Thanks to email and the social media, students and lecturers are communicating with increasing ease. But a lack of clarity on the rules of the game can lead to misunderstandings and irritation. ´I don´t want my parents on Facebook either, let alone my teachers.´
Study advisor Alet Leemans gets a lot of them in her inbox: sloppily written emails with unfinished sentences, sometimes impolitely formulated. 'You will get an email saying only "Hey, when can I come by?" My response is, "Ask me again politely." It may sound fussy but as a study advisor I have a responsibility to provide some guidance too. You cannot send an email like that to a sponsor or a place you are applying to for an internship or a job.' But most students write polite emails, Leemans adds.
Marcel van Oijen, who teaches Animal Sciences at Van Hall Larenstein, also notices that some students see email as a sort of glorified text messaging service. 'No form of address, no capital letters, no punctuation. The tone is often fairly informal, as if they are chatting to friends rather than addressing their teacher. Letting me know that they think it's "really shitty" that they didn't pass an exam.' But that informality is just what Van Oijen likes. 'If they address me very formally I feel uncomfortable.'
According to German student Evelyne Lukat, who recently graduated in Environment Sciences, cultural differences play a role too. 'In Germany I start my emails with "Mr. Prof. Dr.", but I soon realized that wasn't necessary in Wageningen.'
'You have 187 new messages'
It has become much easier to contact teachers, and Teacher of the Year 2012 Frits Claassen's inbox is often bulging with new mail. 'Emails fly up and down around exams time especially.' Van Oijen gets a lot of emails from his students too. 'Certainly in the later stages of their studies, when they are at home less because they are on internships or doing research for their final dissertations.' He always makes sure he replies to his emails promptly and properly. 'That is important to me because it is my task as a teacher to coach students and give them feedback.'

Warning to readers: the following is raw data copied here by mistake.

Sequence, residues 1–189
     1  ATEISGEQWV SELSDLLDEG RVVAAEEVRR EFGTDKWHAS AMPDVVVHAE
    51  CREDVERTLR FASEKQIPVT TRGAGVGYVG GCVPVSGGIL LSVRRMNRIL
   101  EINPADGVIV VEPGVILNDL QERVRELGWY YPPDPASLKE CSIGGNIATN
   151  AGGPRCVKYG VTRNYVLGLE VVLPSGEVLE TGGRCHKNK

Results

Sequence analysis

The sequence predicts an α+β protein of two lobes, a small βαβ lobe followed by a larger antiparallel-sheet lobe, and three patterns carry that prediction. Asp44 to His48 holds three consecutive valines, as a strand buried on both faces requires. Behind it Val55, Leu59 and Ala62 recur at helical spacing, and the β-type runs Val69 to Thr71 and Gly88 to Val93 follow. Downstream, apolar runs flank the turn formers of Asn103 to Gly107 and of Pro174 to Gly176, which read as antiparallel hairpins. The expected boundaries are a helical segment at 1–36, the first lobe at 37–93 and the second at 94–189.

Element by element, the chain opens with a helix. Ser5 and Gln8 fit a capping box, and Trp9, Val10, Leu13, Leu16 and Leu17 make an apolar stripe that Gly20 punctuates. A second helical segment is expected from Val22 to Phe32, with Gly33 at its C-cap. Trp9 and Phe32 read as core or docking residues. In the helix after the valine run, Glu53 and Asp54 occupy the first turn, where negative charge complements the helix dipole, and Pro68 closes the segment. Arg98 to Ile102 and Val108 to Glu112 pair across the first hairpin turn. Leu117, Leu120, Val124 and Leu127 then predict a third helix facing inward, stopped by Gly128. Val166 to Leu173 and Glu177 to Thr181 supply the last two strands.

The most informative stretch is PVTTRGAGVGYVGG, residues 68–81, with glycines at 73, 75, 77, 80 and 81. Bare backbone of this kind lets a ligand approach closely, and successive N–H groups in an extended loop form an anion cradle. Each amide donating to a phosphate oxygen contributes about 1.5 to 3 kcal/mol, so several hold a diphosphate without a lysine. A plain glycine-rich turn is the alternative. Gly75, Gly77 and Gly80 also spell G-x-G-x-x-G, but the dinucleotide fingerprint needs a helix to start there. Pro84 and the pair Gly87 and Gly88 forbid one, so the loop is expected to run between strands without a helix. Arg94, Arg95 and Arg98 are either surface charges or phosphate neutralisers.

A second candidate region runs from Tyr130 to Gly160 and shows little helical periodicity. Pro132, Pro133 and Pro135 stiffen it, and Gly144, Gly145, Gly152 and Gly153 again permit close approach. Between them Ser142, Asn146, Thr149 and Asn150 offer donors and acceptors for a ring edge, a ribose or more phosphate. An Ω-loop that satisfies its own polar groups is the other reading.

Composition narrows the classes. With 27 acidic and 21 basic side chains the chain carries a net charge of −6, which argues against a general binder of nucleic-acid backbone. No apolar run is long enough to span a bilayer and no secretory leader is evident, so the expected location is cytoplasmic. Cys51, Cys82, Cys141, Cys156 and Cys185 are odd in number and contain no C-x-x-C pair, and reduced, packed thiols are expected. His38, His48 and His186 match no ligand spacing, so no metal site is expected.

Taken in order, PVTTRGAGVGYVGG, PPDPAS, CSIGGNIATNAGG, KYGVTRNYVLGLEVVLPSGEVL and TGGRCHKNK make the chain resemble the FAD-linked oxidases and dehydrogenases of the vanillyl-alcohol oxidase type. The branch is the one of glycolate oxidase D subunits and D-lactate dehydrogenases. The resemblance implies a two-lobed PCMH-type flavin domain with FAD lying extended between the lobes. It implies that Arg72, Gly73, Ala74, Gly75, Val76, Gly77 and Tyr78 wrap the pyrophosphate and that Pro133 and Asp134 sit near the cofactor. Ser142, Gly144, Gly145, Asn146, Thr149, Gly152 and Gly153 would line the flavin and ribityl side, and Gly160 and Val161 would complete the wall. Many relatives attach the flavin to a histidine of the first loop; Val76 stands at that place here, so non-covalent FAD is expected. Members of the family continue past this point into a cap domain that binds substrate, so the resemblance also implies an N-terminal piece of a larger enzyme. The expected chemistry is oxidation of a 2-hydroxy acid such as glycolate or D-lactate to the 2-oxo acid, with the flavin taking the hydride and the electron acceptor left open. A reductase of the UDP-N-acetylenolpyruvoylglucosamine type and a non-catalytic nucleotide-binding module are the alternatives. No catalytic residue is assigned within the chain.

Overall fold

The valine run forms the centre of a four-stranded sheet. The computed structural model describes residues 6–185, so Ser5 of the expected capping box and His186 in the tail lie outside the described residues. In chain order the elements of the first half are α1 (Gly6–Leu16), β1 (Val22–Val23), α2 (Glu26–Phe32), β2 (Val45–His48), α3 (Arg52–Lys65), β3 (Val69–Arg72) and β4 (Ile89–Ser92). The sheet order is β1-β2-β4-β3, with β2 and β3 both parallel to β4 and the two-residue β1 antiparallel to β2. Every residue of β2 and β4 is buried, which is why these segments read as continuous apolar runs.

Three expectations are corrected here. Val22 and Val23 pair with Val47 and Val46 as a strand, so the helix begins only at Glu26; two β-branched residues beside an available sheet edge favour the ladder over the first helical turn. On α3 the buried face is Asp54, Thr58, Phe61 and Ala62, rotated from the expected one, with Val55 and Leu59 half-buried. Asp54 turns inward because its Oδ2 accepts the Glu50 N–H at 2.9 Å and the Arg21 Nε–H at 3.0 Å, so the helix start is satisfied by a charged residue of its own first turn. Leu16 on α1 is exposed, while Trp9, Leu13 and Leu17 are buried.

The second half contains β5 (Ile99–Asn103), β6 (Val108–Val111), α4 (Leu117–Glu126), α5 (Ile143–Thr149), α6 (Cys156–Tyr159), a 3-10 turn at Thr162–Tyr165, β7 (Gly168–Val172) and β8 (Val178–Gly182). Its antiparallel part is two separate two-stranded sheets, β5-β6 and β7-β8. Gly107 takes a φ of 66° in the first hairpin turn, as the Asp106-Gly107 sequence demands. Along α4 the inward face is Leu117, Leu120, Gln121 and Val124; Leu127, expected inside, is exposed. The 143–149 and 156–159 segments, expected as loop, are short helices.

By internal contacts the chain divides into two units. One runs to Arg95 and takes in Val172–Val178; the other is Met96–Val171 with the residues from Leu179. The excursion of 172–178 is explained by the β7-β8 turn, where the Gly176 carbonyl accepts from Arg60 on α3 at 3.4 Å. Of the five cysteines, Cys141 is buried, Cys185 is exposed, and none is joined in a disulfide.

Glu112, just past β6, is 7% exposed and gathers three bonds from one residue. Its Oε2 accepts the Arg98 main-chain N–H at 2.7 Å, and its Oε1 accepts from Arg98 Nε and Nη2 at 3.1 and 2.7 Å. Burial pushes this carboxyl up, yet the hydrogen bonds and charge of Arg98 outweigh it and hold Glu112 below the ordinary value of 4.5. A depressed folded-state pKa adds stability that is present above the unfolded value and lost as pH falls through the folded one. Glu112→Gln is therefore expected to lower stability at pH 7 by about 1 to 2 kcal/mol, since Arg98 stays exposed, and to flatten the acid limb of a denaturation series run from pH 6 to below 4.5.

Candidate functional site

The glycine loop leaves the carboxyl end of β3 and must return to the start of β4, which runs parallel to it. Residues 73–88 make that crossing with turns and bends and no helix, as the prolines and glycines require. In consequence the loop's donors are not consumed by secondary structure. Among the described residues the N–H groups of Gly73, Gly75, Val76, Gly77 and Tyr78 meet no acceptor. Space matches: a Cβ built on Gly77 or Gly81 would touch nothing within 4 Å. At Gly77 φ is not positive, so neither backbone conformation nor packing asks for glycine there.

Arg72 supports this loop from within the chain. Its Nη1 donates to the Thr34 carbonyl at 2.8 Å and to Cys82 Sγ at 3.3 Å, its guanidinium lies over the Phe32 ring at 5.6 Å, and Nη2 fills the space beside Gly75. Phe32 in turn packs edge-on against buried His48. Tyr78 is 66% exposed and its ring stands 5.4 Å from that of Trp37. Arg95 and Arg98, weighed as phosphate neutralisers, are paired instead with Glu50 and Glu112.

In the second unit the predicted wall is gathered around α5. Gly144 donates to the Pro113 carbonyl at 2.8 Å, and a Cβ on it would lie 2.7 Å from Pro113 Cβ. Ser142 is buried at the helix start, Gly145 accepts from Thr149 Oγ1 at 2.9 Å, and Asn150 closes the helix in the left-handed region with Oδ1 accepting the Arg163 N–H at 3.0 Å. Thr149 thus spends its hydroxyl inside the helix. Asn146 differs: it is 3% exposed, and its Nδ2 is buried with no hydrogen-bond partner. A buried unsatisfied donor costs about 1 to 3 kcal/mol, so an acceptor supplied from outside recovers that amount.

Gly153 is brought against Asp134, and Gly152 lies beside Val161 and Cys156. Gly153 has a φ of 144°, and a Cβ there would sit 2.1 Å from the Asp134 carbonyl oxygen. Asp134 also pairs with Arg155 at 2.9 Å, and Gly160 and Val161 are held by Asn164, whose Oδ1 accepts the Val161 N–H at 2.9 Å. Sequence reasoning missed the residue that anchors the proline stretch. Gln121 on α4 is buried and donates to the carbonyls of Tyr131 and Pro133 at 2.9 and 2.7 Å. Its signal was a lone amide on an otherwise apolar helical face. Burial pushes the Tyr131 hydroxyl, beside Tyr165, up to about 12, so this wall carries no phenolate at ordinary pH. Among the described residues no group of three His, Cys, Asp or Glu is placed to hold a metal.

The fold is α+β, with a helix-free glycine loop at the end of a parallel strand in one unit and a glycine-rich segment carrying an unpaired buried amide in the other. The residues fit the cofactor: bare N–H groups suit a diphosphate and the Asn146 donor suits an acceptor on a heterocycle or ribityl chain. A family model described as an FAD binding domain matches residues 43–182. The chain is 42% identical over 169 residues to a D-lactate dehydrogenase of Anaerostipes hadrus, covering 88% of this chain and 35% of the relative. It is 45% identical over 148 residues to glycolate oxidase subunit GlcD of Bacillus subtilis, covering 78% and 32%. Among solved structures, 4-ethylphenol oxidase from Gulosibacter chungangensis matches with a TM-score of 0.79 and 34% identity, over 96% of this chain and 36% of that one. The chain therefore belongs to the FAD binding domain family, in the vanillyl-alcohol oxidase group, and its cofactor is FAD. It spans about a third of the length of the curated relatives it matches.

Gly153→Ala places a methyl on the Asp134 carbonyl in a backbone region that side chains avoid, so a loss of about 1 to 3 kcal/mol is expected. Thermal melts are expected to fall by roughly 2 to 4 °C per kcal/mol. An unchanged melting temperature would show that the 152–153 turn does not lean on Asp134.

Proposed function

And students expect this of their teachers. 'I don't accept it when someone can't even find a minute to reply to me, even if it's just an "I'm busy, I'll get back to you as soon as possible."', says Rimante Rusaite from Lithuania. 'A fast reply shows that the teacher cares about his students and takes their work seriously.' Jacqueline Geerts appreciates it if a teacher responds to an email quickly but she doesn't expect it. 'I don't always reply to emails from my teachers straightaway either, so I don't expect it of them.'
Facebook for education
A recent survey at the university showed that 90 percent of the students are on Facebook, and half of them check it several times a day. Frits Claassen is familiar with this. 'A student will take his smartphone out of his pocket in the middle of a conversation and click on it while he's talking to you.' This has just become part of the culture, he thinks. 'Sometimes I comment on it in a joking way.'
A number of departments and teachers make use of social media for educational purposes. Biology students, for example, can exchange information on a Facebook page, while Forest and Nature Management has a page where interesting topics and conferences are announced. In the Social Psychology department, people no longer communicate by email but via a WhatsApp group (a chat programme for smartphones - ed.)
According to Van Oijen Facebook is a useful educational tool. 'It's like the Albert Heijn: somewhere you meet everyone every day. I have made a Facebook group for my students where they can leave messages for friends or ask me questions. I am the administrator and I can keep an eye on what goes on.'
Lecturer as BFF?
Lecturers Alet Leemans and Van Oijen have a Facebook profile but they keep it for their personal lives. Van Oijen: 'I am their teacher; I have to assess their work. So you need to preserve a distance. Only after you have graduated can you be my friend.' Claassen does not
have Facebook. 'I protect myself against that. I do get those invitations but they usually go straight into the bin. Anyone who really wants to find me will find me.'
Most students are no keener on the idea of getting friend requests from their professors. What they get up to after class and at weekends is their business, as far as they are concerned. Laura Martinez Izquierdo: ´I don´t want my parents on Facebook either, let alone my teachers. Facebook is for friends.´
Recent Peruvian graduate Jazmin Gonzales Tobar sees this differently. 'I have never invited them to be friends on Facebook because I hadn't built up a long-term relationship. But now I think about it, I am going to do so. My teachers were very friendly and I talked to them as if they were my friends.'